If you live a colorful life like me, you’d need a mentor to keep you sane and to comfort you and it doesn’t have to be your partner all the time.
Don’t get me wrong, Tim and I can delve into any conversation and find a solution at the end of it. However, there are certain issues that I don’t feel like discussing intensively with him. For example, my career decisions, although he played a huge part in my shifting doesn’t mean that I’ve told him every little thing that went through my head when I made the decision.
I was having such a hard time over the past week, dealing with family issues, my new career path, and preparation for the wedding. On top of that, I was deeply worried about my former workmates and the last workload I left. It was overwhelming.
Then, my former boss sent me a text message earlier this afternoon. We didn’t have the chance to talk about my reason for leaving the company when we saw each other last week but I know she knew that I was leaving. For some reason, we’ve always had an unspoken understanding, so even if I didn’t tell her anything, she knew something was up. When I received her message this afternoon, I broke down and told her everything, feeling whatever glue that’s been keeping me together over the past weeks melting away as I typed my replies.
Telling her all the underlying reasons made me feel lighter. Talking to her made me feel like my thoughts and decisions aren’t irrational and her assurance makes me even more comfortable to confide in her in detail as compared to when I discuss things with Tim.
Having a mentor like my former boss has helped me a great deal in staying with my previous company and in keeping me sane despite the whirlwind of changes we faced over the last two years. I’ve learned so much from her, not just skills needed for work, but a great deal more when it comes to dealing and interacting with people and life in general. So when she left her post to transfer to another department, I felt a little lost. I was able to pick up myself but it wasn’t the same.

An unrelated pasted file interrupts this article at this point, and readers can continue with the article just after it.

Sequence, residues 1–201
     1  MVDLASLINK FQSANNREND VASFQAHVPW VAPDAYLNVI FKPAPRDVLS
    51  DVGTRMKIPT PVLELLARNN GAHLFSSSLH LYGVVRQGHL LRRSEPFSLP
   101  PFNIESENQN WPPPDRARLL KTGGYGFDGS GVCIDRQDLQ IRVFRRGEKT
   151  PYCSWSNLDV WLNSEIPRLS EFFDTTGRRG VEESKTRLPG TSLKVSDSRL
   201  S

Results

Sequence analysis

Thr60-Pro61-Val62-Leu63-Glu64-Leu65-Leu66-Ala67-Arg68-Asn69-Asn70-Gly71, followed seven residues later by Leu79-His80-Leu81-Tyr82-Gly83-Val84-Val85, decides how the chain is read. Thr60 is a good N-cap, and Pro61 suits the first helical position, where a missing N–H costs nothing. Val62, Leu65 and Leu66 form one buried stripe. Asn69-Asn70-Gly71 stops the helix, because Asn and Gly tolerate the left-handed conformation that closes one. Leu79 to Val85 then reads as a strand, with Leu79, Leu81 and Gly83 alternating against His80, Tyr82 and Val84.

I’m not saying that her transferring to another department was my reason or excuse to leave my post, no. I’m just saying that having a mentor like mine could help a person a great deal when it comes to career and personal growth and after she left, I felt like I’ve reached my ceiling. I know I still have a lot of things to improve on, but it wasn’t what I wanted anymore.
Tim knows and understands my career dilemma but not as much and as in-depth as my mentor does. She saw how hard I worked over the years and we’ve developed a relationship in the workplace that Tim and I simply don’t have. I really believe that having an outsider’s perspective on situations like mine can be a really good pillar of support, career-wise.
I believe that partners tend to spoil each other, or follow the other’s lead, or even have the capacity to persuade the other to stop doing something for reasons that may seem irrational or impractical to people outside of the relationship bubble and if you’re like me, you might also be trying to appear stronger than you really are in front of your partner. I’m an emotional person, but I do my best to compartmentalize my emotions when it comes to my career and other life decisions, I always try to make the most rational choice which isn’t always easy, so not having Tim as my mentor greatly helps.
That is why it is okay, and better in my opinion, to have a mentor outside of the relationship. It’s not about letting other people dictate your life, but it’s for you to have a different support system and a wider perspective of the world outside of the romantic relationship that one has with a partner.